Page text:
Since last summer, the housing market has been running at breakneck speed. In housing markets across the country, including here in Virginia, homes are selling incredibly fast, multiple offers and bidding wars have become the norm, and the housing shortage is getting even more severe. The Case Shiller index, which is a measure of national home prices, posted its highest level since 2006, 15 years ago. Median prices in Virginia have been rising at near-double digit rates for eight months.

The last time the housing market looked this frenzied was back in 2005 to 2007, and we all remember the disastrous outcome.

This housing market is much different than the one we had 15 years ago. The underlying fundamentals of strong, demographically driven demand and extremely low inventory are pushing prices up. A housing bubble occurs when prices escalate beyond what can be explained by the underlying fundamentals.

No Pop, But What About a Cooldown?

While we are not in a traditional housing bubble, the dramatic housing market of the past eight months cannot be sustained over the long term. There are at least three reasons to expect the market will cool down:

  1. Eventually, new construction will begin to accelerate and add to the inventory. Right now, Freddie Mac has estimated that we have a 8 million housing shortfall. New construction will reduce that shortfall—a little—which will ease the demand-supply balance. A little.
  2. Mortgage rates will rise slightly which could cool demand. While it is likely that mortgage rates will remain at historically low levels, certainly under 4% through 2021, a slight increase could push marginal home buyers out of the market.
  3. The most likely reason we’ll see a slowdown is affordability. Rising home prices will put homeownership out of reach for some segments of the population, even if rates don’t rise. As a result, some prospective home buyers are deciding to put off buying a home altogether.

Another reason we might see a slowdown in the housing market? Perhaps paradoxically, the improving economy will lead to a slight pullback in demand. The availability of the COVID-19 vaccine and the end of the economic downturn will allow people to do things they haven’t done in a year—travel, go to restaurants, plan weddings, have babies, and work outside the home, among other things. As a result, people won’t be stuck staring at their four walls and will have other things on which to spend their money.

How to Manage Expectations

The heart-pumping housing market frenzy could die down—at least a little—in the coming months as more sellers list their properties and inventory slowly increases. About 10% of current homeowners plan to put their homes on the market this year—and more than half are more affordably priced, according to an exclusive survey conducted by®. An additional 16% expect to list their properties within the next two to three years.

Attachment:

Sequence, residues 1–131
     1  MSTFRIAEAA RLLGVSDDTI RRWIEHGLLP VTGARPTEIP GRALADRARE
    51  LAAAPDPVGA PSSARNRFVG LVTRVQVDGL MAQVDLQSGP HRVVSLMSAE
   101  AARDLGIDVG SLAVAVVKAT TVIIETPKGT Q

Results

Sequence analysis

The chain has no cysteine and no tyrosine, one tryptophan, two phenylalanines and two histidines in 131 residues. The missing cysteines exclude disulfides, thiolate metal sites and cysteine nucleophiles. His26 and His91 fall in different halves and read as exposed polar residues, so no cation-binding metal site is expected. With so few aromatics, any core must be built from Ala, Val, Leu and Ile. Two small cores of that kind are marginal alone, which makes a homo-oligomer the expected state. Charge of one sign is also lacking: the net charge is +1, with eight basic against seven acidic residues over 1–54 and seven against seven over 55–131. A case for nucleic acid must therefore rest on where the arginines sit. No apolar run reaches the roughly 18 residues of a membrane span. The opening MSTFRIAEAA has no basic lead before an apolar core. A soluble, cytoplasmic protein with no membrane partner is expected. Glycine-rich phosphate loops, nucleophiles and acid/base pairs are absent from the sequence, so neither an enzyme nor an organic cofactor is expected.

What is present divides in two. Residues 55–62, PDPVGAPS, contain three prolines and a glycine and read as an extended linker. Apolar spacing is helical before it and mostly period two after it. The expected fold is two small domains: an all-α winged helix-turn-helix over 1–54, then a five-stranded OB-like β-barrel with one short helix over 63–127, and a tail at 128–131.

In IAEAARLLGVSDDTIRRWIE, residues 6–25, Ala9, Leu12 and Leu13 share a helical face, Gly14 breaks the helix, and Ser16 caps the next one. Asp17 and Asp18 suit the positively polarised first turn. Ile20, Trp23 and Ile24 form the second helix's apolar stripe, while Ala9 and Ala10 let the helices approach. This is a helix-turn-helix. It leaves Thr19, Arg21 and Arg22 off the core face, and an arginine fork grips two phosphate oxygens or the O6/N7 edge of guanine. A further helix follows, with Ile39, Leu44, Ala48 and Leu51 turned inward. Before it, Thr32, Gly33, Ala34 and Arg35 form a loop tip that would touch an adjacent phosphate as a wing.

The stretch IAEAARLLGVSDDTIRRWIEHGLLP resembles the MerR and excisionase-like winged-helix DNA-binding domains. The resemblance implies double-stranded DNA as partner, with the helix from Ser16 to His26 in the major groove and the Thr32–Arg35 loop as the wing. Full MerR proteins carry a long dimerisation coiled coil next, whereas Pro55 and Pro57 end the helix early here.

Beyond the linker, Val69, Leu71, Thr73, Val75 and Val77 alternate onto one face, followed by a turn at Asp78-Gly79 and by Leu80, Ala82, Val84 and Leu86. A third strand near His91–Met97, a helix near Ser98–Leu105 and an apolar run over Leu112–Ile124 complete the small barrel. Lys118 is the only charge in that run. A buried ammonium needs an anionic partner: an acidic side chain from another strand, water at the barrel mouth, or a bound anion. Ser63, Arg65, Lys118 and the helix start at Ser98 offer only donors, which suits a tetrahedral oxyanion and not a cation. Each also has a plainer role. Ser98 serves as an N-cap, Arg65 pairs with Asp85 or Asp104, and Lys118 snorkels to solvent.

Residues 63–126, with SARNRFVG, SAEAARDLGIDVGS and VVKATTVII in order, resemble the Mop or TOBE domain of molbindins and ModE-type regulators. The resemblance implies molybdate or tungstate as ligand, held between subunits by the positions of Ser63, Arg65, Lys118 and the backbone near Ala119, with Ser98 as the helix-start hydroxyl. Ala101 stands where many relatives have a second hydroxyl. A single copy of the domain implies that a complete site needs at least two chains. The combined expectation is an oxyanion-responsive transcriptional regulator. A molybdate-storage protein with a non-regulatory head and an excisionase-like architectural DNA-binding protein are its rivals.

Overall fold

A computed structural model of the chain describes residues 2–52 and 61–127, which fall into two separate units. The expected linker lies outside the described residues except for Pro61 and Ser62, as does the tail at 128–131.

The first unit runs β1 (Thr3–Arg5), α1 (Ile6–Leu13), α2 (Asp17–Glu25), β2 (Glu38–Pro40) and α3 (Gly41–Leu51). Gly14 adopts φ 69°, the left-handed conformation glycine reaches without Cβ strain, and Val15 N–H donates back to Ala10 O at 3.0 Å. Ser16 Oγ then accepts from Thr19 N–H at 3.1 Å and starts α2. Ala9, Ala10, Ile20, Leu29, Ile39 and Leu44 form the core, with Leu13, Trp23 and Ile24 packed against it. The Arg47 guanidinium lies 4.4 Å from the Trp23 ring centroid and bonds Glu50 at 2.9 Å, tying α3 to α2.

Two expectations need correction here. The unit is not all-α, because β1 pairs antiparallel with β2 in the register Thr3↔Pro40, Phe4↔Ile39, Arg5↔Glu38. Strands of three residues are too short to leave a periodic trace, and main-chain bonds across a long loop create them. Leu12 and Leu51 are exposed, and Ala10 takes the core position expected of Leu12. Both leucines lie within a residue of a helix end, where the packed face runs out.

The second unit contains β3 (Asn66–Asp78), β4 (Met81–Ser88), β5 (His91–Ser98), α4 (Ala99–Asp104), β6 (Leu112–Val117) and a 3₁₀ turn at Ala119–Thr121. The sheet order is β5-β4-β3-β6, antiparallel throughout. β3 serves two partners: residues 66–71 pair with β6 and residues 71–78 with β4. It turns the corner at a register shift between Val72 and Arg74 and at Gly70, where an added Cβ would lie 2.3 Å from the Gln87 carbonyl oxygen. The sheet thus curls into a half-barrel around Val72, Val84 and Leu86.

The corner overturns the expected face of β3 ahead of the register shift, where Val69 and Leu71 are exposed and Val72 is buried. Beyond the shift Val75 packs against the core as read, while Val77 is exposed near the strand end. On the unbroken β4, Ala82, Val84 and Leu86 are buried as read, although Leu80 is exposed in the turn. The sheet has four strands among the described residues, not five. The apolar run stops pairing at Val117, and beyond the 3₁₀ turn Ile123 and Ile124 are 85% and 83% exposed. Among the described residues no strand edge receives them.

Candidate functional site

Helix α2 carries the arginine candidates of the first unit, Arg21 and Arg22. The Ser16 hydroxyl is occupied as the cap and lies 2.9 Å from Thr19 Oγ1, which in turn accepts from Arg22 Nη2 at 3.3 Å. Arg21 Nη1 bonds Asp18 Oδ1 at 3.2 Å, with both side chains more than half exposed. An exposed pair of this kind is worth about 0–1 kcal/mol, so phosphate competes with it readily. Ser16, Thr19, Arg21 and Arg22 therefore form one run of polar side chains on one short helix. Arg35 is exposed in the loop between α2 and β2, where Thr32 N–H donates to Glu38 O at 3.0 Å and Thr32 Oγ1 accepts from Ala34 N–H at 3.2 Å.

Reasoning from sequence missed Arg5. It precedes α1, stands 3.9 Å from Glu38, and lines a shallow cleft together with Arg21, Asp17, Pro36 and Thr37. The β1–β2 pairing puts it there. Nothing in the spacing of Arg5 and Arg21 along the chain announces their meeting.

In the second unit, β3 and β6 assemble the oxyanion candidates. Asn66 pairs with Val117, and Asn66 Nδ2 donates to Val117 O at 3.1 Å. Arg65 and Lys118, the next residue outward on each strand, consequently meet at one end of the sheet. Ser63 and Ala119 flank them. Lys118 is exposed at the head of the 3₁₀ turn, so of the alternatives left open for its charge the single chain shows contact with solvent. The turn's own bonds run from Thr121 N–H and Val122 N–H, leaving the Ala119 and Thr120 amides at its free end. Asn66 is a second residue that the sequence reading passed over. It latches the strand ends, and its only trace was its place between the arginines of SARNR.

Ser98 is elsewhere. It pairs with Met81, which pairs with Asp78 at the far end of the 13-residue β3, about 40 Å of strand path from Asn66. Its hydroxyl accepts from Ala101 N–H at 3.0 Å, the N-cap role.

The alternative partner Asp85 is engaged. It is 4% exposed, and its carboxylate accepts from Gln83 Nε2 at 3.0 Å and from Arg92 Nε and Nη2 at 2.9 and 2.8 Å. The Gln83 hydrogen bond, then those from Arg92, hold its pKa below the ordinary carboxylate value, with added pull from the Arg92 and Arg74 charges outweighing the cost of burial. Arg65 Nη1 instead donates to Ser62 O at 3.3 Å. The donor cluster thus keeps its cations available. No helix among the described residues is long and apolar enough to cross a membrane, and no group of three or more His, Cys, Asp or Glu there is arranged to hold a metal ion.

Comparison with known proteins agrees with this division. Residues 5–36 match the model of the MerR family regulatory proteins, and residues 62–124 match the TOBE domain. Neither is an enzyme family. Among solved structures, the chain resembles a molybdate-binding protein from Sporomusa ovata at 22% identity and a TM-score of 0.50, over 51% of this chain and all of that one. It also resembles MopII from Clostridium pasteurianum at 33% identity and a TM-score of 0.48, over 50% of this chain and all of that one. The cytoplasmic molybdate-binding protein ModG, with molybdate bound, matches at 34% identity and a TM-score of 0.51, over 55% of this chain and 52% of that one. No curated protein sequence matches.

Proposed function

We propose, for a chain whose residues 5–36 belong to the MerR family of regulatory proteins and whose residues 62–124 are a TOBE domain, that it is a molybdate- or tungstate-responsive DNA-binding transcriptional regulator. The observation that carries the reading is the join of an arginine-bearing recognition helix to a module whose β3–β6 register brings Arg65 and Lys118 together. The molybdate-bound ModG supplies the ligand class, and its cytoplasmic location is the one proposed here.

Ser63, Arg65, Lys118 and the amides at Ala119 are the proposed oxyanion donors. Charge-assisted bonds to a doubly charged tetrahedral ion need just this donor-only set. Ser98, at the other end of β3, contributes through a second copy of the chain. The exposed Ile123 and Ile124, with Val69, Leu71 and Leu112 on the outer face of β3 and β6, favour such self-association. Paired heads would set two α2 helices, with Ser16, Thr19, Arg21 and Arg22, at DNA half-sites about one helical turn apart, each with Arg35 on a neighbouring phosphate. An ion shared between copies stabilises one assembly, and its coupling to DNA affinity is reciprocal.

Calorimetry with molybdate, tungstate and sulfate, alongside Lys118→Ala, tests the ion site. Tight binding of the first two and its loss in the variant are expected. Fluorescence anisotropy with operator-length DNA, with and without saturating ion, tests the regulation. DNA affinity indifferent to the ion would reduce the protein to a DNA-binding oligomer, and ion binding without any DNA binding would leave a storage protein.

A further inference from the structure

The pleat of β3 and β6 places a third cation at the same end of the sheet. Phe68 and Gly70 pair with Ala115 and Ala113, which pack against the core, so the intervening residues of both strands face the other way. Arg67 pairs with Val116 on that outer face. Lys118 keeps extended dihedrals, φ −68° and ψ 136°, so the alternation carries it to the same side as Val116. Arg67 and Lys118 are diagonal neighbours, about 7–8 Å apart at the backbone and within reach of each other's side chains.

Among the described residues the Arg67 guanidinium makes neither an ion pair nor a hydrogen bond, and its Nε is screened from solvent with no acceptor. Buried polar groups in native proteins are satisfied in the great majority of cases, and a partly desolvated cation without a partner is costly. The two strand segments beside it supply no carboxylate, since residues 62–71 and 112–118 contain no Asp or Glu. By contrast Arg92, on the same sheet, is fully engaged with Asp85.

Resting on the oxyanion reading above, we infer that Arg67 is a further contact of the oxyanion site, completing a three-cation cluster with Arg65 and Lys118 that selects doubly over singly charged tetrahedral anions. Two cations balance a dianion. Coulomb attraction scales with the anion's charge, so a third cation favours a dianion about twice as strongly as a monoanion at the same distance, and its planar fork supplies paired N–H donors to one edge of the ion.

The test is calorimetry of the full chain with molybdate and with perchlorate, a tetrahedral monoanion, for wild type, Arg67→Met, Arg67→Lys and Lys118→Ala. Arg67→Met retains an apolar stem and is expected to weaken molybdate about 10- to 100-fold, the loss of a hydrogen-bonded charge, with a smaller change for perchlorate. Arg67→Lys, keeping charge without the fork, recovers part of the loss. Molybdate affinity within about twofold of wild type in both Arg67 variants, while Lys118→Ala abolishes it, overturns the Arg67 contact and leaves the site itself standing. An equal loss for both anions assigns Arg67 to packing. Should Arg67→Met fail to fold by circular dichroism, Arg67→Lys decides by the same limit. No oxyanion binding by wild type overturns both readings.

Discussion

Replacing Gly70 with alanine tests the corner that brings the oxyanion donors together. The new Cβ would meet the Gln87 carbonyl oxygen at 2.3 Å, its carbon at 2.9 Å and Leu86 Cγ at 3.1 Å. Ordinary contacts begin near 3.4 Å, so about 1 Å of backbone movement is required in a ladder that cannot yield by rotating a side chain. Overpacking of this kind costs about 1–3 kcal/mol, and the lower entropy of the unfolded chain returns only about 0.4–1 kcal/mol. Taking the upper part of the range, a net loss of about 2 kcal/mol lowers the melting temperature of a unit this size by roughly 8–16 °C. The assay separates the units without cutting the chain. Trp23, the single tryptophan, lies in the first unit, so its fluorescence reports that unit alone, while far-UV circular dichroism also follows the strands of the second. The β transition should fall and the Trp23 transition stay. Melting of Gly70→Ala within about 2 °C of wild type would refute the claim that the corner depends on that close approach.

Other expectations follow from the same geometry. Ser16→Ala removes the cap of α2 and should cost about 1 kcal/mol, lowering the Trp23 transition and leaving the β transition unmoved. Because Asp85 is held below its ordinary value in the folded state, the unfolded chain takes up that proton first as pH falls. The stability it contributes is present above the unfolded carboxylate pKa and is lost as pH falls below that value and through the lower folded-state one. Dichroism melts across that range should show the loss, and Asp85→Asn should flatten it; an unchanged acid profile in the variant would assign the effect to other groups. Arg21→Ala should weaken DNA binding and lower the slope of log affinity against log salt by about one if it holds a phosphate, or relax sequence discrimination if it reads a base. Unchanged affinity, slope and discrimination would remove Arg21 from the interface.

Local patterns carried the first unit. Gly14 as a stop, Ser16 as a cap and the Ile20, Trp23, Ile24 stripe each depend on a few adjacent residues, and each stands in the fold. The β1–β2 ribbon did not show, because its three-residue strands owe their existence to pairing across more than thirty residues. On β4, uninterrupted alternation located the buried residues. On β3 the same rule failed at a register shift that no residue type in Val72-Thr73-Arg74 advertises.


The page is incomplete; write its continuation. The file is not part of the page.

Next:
Typically, only about 8% of homeowners put their homes up for sale each year. This is about a 25% anticipated increase, which translates into about 1.5 million more homes. The increase may be due to folks holding off on selling their homes during the worst of the coronavirus pandemic.

By the numbers, however, it’s becoming harder and harder to argue that America’s housing market isn’t already over-heating.

Wealthy buyers continue to snatch up second and third homes (or more) as investments. This has created a “shadow inventory” of millions of homes that never hit the market because it makes more financial sense for owners to hold than sell as long as prices continue to outpace carrying costs (which, in most market cases, they still do).

Then, there are other externalizing factors that don’t get the headlines but are also moving the needle, like technology—including online listing platforms, digital mortgage approvals, and virtual closings—which has fast-forwarded the speed at which homes are marketed and sold, particularly during the recent pandemic, in turn artificially hastening the pace at which demand is outstripping supply.

In the fourth quarter of 2021, NAR Chief Economist Lawrence Yun predicts the volume of U.S. home sales to drop 10% compared to the year-ago period, as mortgage rates climb closer to 3.5%, up from about 2.7% at the start of 2021.

Yun also expects home prices to keep rising in the short term, because of more than a decade of sluggish housing construction, hobbled by restrictive zoning and high labor costs.

Click here to send any comments or questions about this piece to Virginia REALTORS® Chief Economist Lisa Sturtevant, PhD.

*Information as of 05/03/21